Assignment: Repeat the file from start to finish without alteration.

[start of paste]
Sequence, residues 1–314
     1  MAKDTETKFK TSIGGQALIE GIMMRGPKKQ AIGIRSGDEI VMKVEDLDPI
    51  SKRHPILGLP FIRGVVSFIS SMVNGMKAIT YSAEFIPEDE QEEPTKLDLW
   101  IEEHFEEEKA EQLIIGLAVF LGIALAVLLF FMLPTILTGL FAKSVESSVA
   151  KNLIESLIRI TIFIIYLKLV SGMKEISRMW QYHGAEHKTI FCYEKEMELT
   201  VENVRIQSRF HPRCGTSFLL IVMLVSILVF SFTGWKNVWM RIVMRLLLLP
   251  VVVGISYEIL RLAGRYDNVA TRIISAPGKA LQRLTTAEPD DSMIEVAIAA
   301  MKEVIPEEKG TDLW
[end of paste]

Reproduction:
Sequence, residues 1–314
     1  MAKDTETKFK TSIGGQALIE GIMMRGPKKQ AIGIRSGDEI VMKVEDLDPI
    51  SKRHPILGLP FIRGVVSFIS SMVNGMKAIT YSAEFIPEDE QEEPTKLDLW
   101  IEEHFEEEKA EQLIIGLAVF LGIALAVLLF FMLPTILTGL FAKSVESSVA
   151  KNLIESLIRI TIFIIYLKLV SGMKEISRMW QYHGAEHKTI FCYEKEMELT
   201  VENVRIQSRF HPRCGTSFLL IVMLVSILVF SFTGWKNVWM RIVMRLLLLP
   251  VVVGISYEIL RLAGRYDNVA TRIISAPGKA LQRLTTAEPD DSMIEVAIAA
   301  MKEVIPEEKG TDLW